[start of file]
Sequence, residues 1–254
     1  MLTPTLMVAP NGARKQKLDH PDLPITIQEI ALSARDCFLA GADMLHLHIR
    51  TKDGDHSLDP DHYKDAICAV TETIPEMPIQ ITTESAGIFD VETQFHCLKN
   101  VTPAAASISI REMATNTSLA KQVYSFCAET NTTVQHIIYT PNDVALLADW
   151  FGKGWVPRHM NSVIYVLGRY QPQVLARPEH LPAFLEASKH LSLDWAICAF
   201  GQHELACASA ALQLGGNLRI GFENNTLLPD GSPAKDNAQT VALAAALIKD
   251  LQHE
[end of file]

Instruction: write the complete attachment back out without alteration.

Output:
Sequence, residues 1–254
     1  MLTPTLMVAP NGARKQKLDH PDLPITIQEI ALSARDCFLA GADMLHLHIR
    51  TKDGDHSLDP DHYKDAICAV TETIPEMPIQ ITTESAGIFD VETQFHCLKN
   101  VTPAAASISI REMATNTSLA KQVYSFCAET NTTVQHIIYT PNDVALLADW
   151  FGKGWVPRHM NSVIYVLGRY QPQVLARPEH LPAFLEASKH LSLDWAICAF
   201  GQHELACASA ALQLGGNLRI GFENNTLLPD GSPAKDNAQT VALAAALIKD
   251  LQHE